Can parking lots have a second life? A student project in Atlanta helps demonstrate the possibilities of each booth.
Students at Savannah College of Art and Design created three “SCADpads”: 135 square foot micro-apartments designed to fit the space defined by a single parking spot. Three prototypes of the modular homes, which cost between $ 40,000 and $ 60,000 to build, were installed in an Atlanta garage this spring, to help model what may be a more sustainable paradigm for the city.
Each micro-apartment has been designed by the students to reflect the culture of a different continent: Asia, North America and Europe. Each was equipped with a small kitchen, sofa bed, bathroom, and some high-tech features such as iPad-controlled ‘smart glass’ windows that can be hidden for privacy. . Additionally, each apartment included a ‘porch’ area, the size of an additional parking space, and a shared community garden that collects ‘gray water’ from the sink and shower.
Since April, the SCAD facility has been welcoming people who spend the night, mainly college students and alumni.
Rebecca Burns, a writer for Guardian whose husband is a member of the SCAD faculty, recently spent the night in a SCADpad. She says it was a bit cramped, but not too bad overall:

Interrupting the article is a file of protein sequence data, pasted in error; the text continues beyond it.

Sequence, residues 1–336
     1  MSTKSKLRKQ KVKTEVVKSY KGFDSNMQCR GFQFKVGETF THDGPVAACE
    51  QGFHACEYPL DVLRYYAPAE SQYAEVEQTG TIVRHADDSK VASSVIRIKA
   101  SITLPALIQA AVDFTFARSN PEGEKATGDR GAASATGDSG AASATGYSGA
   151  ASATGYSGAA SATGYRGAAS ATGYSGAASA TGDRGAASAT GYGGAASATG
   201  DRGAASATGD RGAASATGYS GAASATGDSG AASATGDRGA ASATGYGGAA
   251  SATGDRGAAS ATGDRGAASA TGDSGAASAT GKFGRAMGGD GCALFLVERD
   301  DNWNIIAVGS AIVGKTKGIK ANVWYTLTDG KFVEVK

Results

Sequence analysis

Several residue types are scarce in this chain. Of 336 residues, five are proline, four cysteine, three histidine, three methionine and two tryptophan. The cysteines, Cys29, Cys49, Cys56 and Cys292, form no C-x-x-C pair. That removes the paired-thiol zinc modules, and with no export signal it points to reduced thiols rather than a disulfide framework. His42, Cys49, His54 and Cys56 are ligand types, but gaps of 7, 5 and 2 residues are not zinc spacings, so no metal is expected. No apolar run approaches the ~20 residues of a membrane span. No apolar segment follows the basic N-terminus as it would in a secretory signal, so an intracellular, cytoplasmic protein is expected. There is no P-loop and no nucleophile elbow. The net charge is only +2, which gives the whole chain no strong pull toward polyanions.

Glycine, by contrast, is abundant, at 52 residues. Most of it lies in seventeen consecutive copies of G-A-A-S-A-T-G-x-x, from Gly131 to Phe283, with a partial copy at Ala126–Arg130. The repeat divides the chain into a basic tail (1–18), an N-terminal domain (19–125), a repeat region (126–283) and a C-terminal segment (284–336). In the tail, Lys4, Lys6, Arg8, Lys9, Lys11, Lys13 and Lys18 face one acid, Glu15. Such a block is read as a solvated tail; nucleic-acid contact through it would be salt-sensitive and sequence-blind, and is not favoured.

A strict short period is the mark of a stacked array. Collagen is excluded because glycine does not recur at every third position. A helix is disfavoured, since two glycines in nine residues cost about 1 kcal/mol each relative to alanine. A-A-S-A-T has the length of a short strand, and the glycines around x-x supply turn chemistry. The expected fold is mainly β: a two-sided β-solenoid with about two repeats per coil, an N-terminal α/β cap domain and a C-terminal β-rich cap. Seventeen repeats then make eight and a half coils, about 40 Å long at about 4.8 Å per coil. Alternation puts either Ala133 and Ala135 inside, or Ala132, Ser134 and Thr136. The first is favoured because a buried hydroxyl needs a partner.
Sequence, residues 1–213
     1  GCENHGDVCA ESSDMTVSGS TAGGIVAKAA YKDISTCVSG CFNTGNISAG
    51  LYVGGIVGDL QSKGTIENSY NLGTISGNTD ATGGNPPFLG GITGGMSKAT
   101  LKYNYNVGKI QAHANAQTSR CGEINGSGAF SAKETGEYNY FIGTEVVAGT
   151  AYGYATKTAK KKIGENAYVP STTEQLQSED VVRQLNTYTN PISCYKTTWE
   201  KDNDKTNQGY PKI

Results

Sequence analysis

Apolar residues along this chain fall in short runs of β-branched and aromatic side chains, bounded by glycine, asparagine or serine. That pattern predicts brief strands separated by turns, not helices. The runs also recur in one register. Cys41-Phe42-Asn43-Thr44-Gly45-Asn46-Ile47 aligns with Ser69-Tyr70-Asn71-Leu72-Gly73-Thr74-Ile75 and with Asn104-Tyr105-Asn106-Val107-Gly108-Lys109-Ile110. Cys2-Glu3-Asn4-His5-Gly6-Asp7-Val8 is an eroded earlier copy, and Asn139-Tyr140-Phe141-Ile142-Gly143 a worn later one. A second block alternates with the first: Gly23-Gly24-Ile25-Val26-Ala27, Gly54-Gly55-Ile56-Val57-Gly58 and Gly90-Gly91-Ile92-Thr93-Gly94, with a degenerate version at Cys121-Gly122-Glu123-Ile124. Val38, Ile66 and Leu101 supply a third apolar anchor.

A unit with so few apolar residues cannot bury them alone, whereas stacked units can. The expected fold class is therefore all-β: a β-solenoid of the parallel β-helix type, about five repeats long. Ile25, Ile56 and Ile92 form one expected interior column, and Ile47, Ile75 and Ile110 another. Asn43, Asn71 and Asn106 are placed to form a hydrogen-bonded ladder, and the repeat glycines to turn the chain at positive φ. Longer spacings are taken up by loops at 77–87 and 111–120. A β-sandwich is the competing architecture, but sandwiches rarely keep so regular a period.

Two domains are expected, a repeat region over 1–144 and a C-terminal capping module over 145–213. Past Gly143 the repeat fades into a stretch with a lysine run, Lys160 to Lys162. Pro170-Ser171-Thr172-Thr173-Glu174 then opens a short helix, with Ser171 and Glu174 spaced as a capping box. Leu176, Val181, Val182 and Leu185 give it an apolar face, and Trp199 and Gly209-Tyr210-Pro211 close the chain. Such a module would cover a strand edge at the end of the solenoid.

I’ve lived in studios before, but nothing that small. However, while small in square footage, the SCADpad felt more spacious, thanks in large part to the airy design and those large, smart glass windows. However, the kitchen is tiny: impossible for two to work side by side. The sofas / beds are spacious: two of us got comfortable watching Italy play England on the iPad (the SCADpads come with fast Wi-Fi). But when friends stopped to visit us, we quickly learned that it was difficult to accommodate four people in one of the units.
There was no room for us to comfortably entertain our guests in our small apartments, but the common living room was relaxing and had great views of the horizon. The community garden provided a calming contrast to all the concrete – and made for salad for dinner.
Apartments 300 square feet or less have become an affordable option for young people in cities like Seattle, Washington, and even Cleveland and Providence, Rhode Island.
Hopefully installing the SCADpads will help enlighten Atlanta residents about a whole new range of possibilities for some of the city’s underused urban spaces.